Baz Luhrmann Says "Elvis" Is the Story We've Never Heard About the Rock 'n' Roll Singer
Out of the dozens of real-life-inspired musician stories we've seen on the big screen, Baz Luhrmann's "Elvis" is unlike any other. The director's biggest film to date — with a cast that features Austin Butler, Olivia Dejonge, Kelvin Harrison Jr., Alton Mason, and Yola — is also his most ambitious, using the perspective of Elvis Presley's manager Colonel Tom Parker (portrayed by Tom Hanks) to tell the story of the rock 'n' roll icon we have yet to hear.
"It's not a biopic. I didn't set out to do [one]."
Between the film's whimsical intro and its fast-moving plot that crams Elvis's entire career into 159 minutes, "Elvis" is not the biopic fans are expecting. In fact, Luhrmann has never even used that word to describe the movie. "It's not a biopic. I didn't set out to do [one]," he tells POPSUGAR. "Anything I do, I want it to be helpful for where we are now; useful in the future."
Luhrmann's version of useful didn't involve making the same Presley movie we've already seen. Instead, he aimed to create a larger-than-life film to shed more light on Parker's role in the late singer's career and how many blame him for the star's decline. Luhrmann's Presley story also treads on the political side as it focuses on some of America's most controversial eras — the '50s, '60s, and '70s, aka "the good, the bad, and the ugly," as the director puts it. "It's this giant life, and I thought [the 'Elvis' plot] was a great canvas to have these underlying bigger ideas," Luhrmann adds. "So that's what I was gunning for."
"I said [to Luhrmann], 'That's new stuff. In that case, that means you're making a brand-new movie about Elvis.'"
When Luhrmann decided to make "Elvis," he already had Hanks in mind as his narrator and antagonist. "'I'd like to come over and talk to you about a project I have, but I want you to know before I come over, it's about Elvis,'" Hanks recalls of a conversation between him and Luhrmann. "I just thought, 'Why would you be coming to talk to me about Elvis? To play [his father] Vernon?' . . . But he came over and said, 'Look, no one knows the story of Colonel Tom Parker and Elvis. There would've never been Colonel Tom Parker were it not for Elvis, but there never would've been Elvis were it not for Colonel Tom Parker."
Hanks admits he'd never seen a photo of Parker nor heard his voice. But one of the first lines in the "Elvis" script intrigued him enough to say yes to starring in the film. "[Luhrmann] says, 'I want this movie to start with, essentially, Colonel Tom Parker saying, 'I didn't kill him,'" the actor says. "I heard that and I said, 'OK, the Elvis Presley story has never been told like that.' . . . With this new element of the guy who made all of Elvis's dreams come true, and then also didn't quite realize the great, grander dreams that Elvis had, I said [to Luhrmann], 'That's new stuff. In that case, that means you're making a brand-new movie about Elvis.' And I like making brand-new movies."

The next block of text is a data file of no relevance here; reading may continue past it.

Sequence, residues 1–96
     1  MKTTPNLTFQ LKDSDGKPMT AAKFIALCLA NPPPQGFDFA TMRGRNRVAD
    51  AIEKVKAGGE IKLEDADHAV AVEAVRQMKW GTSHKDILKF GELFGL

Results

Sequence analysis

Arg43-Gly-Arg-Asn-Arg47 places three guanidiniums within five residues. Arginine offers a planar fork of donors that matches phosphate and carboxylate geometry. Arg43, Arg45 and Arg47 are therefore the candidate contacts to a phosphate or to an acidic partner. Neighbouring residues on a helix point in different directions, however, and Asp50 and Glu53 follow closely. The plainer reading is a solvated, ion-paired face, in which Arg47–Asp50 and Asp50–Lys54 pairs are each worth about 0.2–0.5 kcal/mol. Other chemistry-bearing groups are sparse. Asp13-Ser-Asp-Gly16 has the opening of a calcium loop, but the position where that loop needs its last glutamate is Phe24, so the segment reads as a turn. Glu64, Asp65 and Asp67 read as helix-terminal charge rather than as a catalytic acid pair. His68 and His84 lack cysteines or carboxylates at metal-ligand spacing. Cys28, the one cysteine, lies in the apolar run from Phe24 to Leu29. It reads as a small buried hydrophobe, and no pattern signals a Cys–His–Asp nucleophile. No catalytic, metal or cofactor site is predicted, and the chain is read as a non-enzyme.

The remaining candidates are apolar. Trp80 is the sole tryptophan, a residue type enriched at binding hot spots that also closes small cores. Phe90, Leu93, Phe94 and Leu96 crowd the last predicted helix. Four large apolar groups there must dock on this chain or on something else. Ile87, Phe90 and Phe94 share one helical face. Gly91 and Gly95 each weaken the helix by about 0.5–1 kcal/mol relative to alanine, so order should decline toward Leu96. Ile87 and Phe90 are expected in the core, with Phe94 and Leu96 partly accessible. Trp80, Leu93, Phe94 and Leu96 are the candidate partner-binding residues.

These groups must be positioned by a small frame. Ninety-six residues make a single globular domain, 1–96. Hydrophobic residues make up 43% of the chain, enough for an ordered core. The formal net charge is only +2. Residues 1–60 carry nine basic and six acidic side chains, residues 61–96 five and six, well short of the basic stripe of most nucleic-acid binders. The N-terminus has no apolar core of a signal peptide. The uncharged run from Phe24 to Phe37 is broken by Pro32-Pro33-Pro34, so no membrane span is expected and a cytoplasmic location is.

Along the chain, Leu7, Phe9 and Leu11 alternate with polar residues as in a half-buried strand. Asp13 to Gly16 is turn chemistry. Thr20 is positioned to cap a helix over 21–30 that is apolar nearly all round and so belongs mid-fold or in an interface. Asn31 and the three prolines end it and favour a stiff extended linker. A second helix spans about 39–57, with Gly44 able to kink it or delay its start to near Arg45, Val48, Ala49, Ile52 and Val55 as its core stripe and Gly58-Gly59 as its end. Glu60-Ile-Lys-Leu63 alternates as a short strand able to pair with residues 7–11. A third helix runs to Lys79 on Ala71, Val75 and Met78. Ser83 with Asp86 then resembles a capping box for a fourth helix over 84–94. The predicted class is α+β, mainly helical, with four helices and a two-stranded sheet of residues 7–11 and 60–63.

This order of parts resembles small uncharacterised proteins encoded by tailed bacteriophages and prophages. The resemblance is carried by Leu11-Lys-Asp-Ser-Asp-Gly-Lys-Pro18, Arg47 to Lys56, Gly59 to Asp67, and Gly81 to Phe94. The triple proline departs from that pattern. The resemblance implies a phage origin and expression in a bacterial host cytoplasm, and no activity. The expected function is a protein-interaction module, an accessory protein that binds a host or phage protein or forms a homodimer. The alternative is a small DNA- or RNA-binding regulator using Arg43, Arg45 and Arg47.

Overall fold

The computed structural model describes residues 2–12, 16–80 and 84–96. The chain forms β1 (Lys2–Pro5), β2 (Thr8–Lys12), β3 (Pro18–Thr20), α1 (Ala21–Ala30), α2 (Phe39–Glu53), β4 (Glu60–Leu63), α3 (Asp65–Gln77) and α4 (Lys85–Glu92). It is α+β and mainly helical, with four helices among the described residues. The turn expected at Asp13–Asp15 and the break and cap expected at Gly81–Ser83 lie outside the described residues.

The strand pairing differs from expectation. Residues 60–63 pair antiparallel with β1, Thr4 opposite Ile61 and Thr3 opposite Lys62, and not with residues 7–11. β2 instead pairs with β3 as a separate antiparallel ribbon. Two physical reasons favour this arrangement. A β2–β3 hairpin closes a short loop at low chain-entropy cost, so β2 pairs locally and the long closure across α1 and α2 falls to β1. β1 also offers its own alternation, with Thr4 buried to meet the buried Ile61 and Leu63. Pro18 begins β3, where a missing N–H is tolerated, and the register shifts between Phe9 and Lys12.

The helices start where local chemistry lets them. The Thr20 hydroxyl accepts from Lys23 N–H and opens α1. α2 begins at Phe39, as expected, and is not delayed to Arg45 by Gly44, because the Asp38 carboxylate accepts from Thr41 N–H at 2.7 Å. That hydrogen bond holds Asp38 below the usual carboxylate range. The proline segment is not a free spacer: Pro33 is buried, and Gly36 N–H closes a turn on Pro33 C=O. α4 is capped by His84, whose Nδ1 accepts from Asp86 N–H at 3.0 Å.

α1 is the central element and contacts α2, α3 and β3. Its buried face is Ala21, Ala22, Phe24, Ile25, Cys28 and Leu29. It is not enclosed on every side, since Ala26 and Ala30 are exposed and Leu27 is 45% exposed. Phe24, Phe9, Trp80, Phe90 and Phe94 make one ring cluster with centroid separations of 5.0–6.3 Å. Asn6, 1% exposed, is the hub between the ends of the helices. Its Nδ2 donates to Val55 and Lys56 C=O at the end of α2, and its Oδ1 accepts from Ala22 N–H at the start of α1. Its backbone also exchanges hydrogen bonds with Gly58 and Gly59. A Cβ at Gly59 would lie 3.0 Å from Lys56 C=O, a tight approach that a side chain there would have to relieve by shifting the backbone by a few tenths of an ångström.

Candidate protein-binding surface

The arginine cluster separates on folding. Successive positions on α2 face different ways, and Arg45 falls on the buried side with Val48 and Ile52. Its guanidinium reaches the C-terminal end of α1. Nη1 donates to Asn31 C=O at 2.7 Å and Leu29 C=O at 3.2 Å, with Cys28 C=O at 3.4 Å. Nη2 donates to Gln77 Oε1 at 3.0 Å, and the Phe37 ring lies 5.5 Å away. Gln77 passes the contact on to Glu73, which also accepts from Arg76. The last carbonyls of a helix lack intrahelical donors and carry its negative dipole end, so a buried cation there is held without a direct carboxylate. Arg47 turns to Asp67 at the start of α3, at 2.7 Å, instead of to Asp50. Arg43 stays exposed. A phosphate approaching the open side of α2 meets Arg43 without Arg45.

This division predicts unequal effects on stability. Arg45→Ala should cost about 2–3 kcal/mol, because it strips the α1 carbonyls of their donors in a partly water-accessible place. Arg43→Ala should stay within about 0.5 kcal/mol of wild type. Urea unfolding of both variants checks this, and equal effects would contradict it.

"I made a rule that if I couldn't find someone who could be Elvis or play him, I wouldn't make the movie."
Luhrmann's "Elvis" movie wasn't about the director's fandom for Presley, "it was more telling this grand story," he remarks. To tell a story as imaginative, daring, and lively as Luhrmann's Presley flick, he needed an actor with enough star power to match it — and he found Butler.
"I made a rule that if I couldn't find someone who could be Elvis or play him, I wouldn't make the movie," Luhrmann reveals. "So I kind of thought like, 'Great, I'll get in, do all the research, run around the world, do all the fun stuff, and not have to make the movie, because I'll never find someone who can play Elvis.' But [instead], I think Austin found me."
From the moment Luhrmann received Butler's informal audition tape of him singing "Unchained Melody," the director knew he'd found his leading man. And before long, the similarities between the two stars were undeniable. After a year and a half of preparation, Butler got his Presley portrayal down pat — from the singer's voice to his walk to his wild dance moves. Luhrmann knew he'd made the right casting decision, even if others couldn't recognize Butler's skills.
"[That's why] I put the video out there," he says of a recent clip he posted of Butler on social media. "Because people don't believe he sings the young Elvis [vocals]. Even though I put that video out on TikTok, I'm still getting people going, 'Yeah, but is he really singing?' So even with my vast experience of filmmaking, the Austin journey is like no other."
"Elvis" premieres in theaters worldwide on June 24.